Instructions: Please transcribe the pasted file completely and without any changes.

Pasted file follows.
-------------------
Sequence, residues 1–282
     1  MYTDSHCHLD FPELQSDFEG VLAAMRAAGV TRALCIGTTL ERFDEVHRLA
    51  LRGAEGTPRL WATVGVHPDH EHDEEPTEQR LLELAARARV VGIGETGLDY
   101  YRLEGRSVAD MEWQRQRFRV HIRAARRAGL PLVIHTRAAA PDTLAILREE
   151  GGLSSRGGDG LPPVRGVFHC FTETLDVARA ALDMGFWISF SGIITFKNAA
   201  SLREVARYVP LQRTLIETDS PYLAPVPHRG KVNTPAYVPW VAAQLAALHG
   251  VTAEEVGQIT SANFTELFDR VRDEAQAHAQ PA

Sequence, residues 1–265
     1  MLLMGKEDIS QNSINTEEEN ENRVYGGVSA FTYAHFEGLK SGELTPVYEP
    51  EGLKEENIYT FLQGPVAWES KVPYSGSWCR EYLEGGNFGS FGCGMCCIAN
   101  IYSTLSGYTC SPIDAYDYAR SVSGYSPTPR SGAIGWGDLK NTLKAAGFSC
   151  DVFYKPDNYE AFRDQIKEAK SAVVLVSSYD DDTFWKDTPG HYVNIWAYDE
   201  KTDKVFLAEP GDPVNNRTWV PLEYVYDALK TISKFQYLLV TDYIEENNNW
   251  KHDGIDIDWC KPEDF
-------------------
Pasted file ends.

Sequence, residues 1–282
     1  MYTDSHCHLD FPELQSDFEG VLAAMRAAGV TRALCIGTTL ERFDEVHRLA
    51  LRGAEGTPRL WATVGVHPDH EHDEEPTEQR LLELAARARV VGIGETGLDY
   101  YRLEGRSVAD MEWQRQRFRV HIRAARRAGL PLVIHTRAAA PDTLAILREE
   151  GGLSSRGGDG LPPVRGVFHC FTETLDVARA ALDMGFWISF SGIITFKNAA
   201  SLREVARYVP LQRTLIETDS PYLAPVPHRG KVNTPAYVPW VAAQLAALHG
   251  VTAEEVGQIT SANFTELFDR VRDEAQAHAQ PA

Sequence, residues 1–265
     1  MLLMGKEDIS QNSINTEEEN ENRVYGGVSA FTYAHFEGLK SGELTPVYEP
    51  EGLKEENIYT FLQGPVAWES KVPYSGSWCR EYLEGGNFGS FGCGMCCIAN
   101  IYSTLSGYTC SPIDAYDYAR SVSGYSPTPR SGAIGWGDLK NTLKAAGFSC
   151  DVFYKPDNYE AFRDQIKEAK SAVVLVSSYD DDTFWKDTPG HYVNIWAYDE
   201  KTDKVFLAEP GDPVNNRTWV PLEYVYDALK TISKFQYLLV TDYIEENNNW
   251  KHDGIDIDWC KPEDF